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On December 1, as the Supreme Court heard oral arguments about whether to uphold a Mississippi law banning abortion after 15 weeks of pregnancy, I streamed 1970s TV to Escape.

Usually, I am happy when the television of my youth is on the watch.

But instead of Comfort TV, I clicked on “Maude’s Dilemma,” a two-part episode of “Maude,” the sitcom created by Norman Lear, starring queer icon Bea Arthur.

In this episode, Maude (Arthur), 47, married to an adult daughter named Carol, after dying, decides to have an abortion. When “Maude’s Dilemma” aired in 1972, a year before the Supreme Court ruling Roe v. Wade to legalize abortion nationwide, it was legal in New York to terminate a pregnancy, but illegal in many states.

“When you were growing up it was illegal and it was dangerous,” Carol tells Maude as she contemplates having an abortion, “and you never got over it. “

I wish I could tell you that this episode of “Maude” is an old hat, just an excuse to revel in the fabulous aura of Bea Arthur, but without cultural, social or political relevance now.

If only our concerns that abortion is unsafe, unsafe, not to mention unaffordable, criminalized and / or stigmatized were a thing of the past.

Unfortunately for our country, the grim realities surrounding abortion before Roe v. Wade doesn’t establish a national abortion right coming back too quickly.

In recent years, especially since Donald Trump’s presidency, it has become increasingly clear that life in the United States is falling back to what it was before Roe.

Let’s take just one example: In May, Texas passed a law that allows individuals to sue anyone who performs or helps anyone obtain an abortion after six weeks of pregnancy. (Many people don’t know they’re six weeks pregnant. The Supreme Court is expected to rule on this law this summer.)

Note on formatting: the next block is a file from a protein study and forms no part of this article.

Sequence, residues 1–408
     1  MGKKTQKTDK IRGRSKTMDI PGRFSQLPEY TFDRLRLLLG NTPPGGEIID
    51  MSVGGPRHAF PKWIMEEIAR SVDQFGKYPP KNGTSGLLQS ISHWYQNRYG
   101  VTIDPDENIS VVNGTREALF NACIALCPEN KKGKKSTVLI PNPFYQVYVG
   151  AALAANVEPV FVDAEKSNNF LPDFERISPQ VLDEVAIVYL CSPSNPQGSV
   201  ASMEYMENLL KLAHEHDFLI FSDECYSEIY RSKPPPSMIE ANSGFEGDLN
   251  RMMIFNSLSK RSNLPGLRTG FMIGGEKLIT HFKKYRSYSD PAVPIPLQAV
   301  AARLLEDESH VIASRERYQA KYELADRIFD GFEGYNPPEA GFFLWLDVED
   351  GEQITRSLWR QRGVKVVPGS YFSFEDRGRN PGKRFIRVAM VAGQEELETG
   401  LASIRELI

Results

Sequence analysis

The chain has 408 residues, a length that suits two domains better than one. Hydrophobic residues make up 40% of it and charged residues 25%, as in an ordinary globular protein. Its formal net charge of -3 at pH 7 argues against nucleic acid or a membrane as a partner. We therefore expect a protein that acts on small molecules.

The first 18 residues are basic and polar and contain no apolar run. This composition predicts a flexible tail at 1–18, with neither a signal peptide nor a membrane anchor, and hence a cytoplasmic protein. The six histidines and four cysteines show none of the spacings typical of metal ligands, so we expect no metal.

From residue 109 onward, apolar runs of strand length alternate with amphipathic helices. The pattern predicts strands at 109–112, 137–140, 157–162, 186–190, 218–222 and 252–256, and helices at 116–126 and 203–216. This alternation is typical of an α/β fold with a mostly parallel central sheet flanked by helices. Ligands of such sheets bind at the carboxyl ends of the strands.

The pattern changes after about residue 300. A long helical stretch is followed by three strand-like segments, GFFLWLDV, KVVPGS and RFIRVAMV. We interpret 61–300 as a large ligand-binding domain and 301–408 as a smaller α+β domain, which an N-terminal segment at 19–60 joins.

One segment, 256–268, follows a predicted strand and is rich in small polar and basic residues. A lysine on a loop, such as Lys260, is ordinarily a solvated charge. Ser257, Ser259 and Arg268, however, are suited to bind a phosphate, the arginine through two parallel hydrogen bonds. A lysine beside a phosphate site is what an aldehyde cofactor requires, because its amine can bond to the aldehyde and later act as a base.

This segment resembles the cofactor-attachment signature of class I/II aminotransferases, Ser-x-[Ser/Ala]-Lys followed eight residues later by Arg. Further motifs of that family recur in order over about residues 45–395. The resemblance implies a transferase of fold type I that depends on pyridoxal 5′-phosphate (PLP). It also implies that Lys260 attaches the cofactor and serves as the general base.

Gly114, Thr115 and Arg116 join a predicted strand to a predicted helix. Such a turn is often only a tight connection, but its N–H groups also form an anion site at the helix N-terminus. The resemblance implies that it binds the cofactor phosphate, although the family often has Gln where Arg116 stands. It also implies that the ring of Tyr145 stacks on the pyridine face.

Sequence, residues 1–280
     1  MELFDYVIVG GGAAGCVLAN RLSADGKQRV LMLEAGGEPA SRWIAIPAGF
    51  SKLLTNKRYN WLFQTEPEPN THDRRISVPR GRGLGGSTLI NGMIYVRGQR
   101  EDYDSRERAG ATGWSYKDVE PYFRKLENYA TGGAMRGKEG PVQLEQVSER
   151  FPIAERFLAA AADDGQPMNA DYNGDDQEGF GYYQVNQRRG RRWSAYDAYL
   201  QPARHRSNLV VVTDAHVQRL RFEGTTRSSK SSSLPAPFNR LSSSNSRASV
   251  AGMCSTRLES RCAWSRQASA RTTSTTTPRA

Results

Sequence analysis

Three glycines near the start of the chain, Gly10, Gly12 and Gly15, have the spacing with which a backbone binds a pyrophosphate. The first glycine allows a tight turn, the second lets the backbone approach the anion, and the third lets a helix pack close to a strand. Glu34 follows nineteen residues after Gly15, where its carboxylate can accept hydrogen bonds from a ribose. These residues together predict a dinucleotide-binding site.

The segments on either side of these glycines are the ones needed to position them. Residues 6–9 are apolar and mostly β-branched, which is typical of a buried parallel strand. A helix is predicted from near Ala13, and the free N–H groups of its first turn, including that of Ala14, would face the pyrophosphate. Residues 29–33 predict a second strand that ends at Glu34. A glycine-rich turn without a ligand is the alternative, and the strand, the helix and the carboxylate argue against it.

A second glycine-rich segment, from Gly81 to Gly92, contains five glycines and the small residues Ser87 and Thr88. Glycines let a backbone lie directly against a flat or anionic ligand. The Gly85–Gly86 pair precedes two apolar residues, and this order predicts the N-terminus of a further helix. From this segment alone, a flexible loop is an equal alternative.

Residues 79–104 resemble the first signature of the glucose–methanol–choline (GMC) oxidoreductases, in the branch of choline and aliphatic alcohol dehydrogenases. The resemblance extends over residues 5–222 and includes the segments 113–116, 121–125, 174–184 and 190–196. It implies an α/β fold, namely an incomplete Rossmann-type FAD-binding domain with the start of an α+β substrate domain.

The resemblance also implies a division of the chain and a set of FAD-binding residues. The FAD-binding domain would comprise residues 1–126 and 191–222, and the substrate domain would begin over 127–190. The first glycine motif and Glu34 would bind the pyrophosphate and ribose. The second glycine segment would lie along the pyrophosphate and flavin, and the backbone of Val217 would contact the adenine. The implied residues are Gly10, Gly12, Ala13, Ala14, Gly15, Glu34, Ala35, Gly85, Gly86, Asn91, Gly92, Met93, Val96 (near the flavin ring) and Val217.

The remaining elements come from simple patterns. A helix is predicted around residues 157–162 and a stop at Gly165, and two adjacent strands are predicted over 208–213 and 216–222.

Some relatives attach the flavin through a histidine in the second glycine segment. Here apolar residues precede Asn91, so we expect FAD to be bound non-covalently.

In the historic December 1 argument before the Supreme Court in Dobbs v. Jackson Women’s Health Organization, the Supreme Court “appeared ready” to uphold Mississippi law prohibiting abortions after 15 weeks of pregnancy, the New York Times and other news outlets. reported.

Sadly, for all of us who care about women’s reproductive rights as well as the rights of LGBTQ and other marginalized people, following Mississippi law will mean either overthrowing Roe or gutting him to the point of making no sense. .

It is not surprising that the Supreme Court is held in low regard by many. A recent Gallop poll found that only 40% of Americans approve of the Supreme Court’s job performance.

“Will this institution survive the stench that this creates in the public’s perception that the Constitution and its reading are only political acts?” Judge Sonia Sotomayor asked during oral argument on the tribunal (filled with people appointed by Trump).

It’s hard to imagine how devastatingly overthrowing or gutting Roe will impact women and LGBTQ people.

If Roe is dismantled, it will be up to states to determine whether women, trans men, or non-binary people have the right to abortion.

Abortion would become illegal in 26 states if Roe is overthrown, according to the Guttmacher Institute.

Good luck traveling to another state for an abortion, whether you are poor or uninsured.

If you’re gay, just thinking that Roe is reversed should make your neck hair stand on end.

Because overthrowing Roe could undermine Supreme Court decisions that have strengthened our rights, such as the Lawrence v. Texas of 2003 which struck down sodomy laws and the Obergefell v. Hodges of 2015 in favor of same-sex marriage.

“So if Roe v. Wade crumbles, then the foundation upon which our own cases crumbles as well,” said Camilla Taylor, director of constitutional litigation for Lambda Legal.

We must fight to maintain our rights.

Kathi wolfe, writer and poet, contributes regularly to The Blade.


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